Although the frequency and variety of your training sessions are key factors in your running progress, other factors should also be taken into consideration for the more exacting runner. 

In order to attain an ambitious target, let's now take a look at the role played by your body weight.

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You surely already know that there is no point in weighing yourself every 5 minutes! You should weigh yourself when you get up in the morning, before breakfast and after having urinated. This should be done several mornings in succession in order to get a reliable average reading.

What's more, weighing yourself just after a run is not advisable:you will probably not want the unexpected surprise of a weight gain when you have rehydrated yourself! Indeed, a run can result in a moderate loss of water of between 0.5 and 1 L per hour, whereas this fluid loss can exceed 2 L depending on the intensity of effort and the external temperature.

Another factor that can result in a temporary weight loss:energy consumption. Your body draws on its glycogen reserves during any exercise that requires endurance. This results in a slight loss of weight that is equally temporary because the weight is regained as soon as your reserves are built up again…

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The well-known body mass index (BMI) can give you an initial indication for estimating your fitness weight. Using a calculation that combines your height and your weight, you can work out whether your body shape matches the standard or if you are overweight.

The calculation is as follows: weight in kg/(height in metres squared).Example:72/(1.81x1.81)= 21.98. If, as is the case here, the result lies between 18.5 and 25, your BMI is considered to be "normal".If it exceeds 25, you are overweight and, if it is below 18.5, you are underweight.

If you are new to running, this measure can be helpful to motivate you to train and get back in physical shape. This being said, in order to obtain a more reliable and precise measurement, you need to know the proportion of fat and muscle mass of your body by consulting a specialist.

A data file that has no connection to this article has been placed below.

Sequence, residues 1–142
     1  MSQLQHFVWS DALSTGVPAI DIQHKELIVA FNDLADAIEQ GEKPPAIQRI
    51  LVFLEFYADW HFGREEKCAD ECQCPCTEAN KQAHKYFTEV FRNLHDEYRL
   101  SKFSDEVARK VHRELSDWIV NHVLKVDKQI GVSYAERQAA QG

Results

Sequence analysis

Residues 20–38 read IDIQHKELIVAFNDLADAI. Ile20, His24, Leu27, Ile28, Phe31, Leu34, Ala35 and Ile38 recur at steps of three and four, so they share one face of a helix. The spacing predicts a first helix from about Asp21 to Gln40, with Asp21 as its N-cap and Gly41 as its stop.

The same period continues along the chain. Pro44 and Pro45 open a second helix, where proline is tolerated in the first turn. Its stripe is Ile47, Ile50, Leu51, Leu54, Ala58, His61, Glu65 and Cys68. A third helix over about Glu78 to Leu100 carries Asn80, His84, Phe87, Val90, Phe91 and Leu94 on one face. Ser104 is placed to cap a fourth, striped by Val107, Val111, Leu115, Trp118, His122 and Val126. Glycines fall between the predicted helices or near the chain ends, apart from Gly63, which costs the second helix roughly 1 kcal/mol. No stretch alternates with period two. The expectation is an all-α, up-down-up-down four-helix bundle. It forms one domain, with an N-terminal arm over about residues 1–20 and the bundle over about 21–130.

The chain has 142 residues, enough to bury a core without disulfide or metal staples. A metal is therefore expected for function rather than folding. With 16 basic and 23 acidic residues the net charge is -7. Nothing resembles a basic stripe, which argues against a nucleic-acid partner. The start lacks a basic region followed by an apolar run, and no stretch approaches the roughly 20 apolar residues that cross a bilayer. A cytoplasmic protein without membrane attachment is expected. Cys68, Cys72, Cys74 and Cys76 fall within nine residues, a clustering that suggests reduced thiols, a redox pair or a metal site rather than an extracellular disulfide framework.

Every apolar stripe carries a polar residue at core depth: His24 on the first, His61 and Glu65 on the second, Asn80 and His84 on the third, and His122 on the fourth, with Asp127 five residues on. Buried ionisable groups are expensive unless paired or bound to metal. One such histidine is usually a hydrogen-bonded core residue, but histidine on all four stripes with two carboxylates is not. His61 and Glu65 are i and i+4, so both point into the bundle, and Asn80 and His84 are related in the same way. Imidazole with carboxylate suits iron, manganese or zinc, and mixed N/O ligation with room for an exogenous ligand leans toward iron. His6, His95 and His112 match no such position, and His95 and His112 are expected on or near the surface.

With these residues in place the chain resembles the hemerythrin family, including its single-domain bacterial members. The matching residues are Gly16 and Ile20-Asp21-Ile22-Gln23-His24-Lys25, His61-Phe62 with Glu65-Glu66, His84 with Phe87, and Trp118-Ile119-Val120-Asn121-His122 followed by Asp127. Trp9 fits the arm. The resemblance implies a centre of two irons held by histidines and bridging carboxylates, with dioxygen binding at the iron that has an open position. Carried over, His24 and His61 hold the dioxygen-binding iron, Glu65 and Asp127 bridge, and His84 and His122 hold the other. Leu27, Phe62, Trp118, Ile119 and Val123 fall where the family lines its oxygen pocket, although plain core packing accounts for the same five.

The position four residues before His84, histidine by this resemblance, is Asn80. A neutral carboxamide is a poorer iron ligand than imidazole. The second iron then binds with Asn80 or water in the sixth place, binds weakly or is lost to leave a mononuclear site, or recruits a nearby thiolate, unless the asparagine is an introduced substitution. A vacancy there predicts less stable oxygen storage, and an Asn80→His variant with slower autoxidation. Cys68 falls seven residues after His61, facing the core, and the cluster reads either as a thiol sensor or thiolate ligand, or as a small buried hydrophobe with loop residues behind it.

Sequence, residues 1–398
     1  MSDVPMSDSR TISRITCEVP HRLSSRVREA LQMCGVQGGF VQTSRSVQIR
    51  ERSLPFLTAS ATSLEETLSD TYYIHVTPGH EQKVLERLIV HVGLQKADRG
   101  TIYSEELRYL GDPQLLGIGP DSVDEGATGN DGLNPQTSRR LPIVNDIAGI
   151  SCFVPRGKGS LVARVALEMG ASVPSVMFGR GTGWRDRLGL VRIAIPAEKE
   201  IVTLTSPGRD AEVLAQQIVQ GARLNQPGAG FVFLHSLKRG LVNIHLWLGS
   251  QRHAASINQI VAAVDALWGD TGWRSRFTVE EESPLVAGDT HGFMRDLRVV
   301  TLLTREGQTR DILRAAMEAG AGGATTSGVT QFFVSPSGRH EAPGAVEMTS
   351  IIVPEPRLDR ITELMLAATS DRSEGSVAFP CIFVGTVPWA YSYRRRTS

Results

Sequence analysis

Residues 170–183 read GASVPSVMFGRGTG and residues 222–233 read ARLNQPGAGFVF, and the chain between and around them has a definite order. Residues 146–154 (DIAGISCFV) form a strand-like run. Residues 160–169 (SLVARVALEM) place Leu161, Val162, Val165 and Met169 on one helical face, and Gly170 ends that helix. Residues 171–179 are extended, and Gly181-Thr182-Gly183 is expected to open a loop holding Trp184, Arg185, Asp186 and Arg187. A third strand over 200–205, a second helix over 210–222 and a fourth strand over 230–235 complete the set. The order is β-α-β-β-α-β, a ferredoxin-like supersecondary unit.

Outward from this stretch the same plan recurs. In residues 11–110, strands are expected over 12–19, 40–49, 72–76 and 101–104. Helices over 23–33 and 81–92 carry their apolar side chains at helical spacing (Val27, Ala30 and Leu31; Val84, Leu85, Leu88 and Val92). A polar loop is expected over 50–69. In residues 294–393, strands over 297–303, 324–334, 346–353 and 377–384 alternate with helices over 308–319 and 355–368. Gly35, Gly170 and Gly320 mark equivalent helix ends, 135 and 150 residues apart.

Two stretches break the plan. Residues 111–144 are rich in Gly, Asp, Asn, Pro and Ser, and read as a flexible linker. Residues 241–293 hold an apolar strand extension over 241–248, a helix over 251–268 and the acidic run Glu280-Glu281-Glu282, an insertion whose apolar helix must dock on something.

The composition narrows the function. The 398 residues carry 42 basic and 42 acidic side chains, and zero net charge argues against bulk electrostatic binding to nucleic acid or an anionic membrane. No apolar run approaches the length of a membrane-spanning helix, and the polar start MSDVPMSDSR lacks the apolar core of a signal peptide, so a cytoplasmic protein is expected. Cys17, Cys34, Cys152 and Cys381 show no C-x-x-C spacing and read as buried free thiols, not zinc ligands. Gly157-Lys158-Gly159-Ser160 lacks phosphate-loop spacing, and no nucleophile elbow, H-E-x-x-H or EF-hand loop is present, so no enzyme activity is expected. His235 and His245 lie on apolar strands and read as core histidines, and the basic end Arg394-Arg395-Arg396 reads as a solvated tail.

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When running, surplus weight (fat mass to be more precise) can have several negative repercussions on the body: increase in heart rate and hence oxygen consumption, increase in body temperature during exercise, increase in energy expenditure as well as an increase in the pressure exerted on the bones and joints.

Weight is a key factor in defining the oxygen consumption of sportsmen and women, particularly when it comes to identifying the threshold at which the maximum volume of oxygen consumed is attained (VO²max). For a runner, this maximum value is associated with a specific speed:the Maximum Aerobic Speed. Developing the MAS in training therefore leads to an increase of the running speed at which your volume of oxygen is maximised.Reducing fat mass reduces your need for oxygen and reduces the energy expenditure associated with your running stride, which therefore leads to an improvement in this speed.

Indeed, an American survey by the National Runner's Health Study on 4700 users showed that a 2 kg change in weight can lead to a difference of almost 1 minute on a 10 km run!

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Finding a balance, in other words, your fitness weight, therefore contributes to optimising your running capacity and preserves your body's energy levels when exercising. The fitness weight should not be too close to the minimum recommended level for your fat mass ratio. This is the case for the "racing weight" reserved for high-level athletes whose medical condition is monitored regularly.

However, take care not to become underweight! Excessively reducing fat reserves can have a negative effect at the end of a long race because the body taps into this energy reserve when your glycogen reserves have been exhausted? It is therefore advisable not to fall below 10% of fat mass as a proportion of total weight for men and 15% for women.

For all amateur runners, the genuine fitness weight must depend on a general feeling of well-being on a daily basis and during your exercise sessions!

Whereas, in certain sports, gaining weight is a key part of increasing power and body protection, in running, a reasonable loss of weight can improve your potential. It up to you to find the correct middle ground where you feel good when running!


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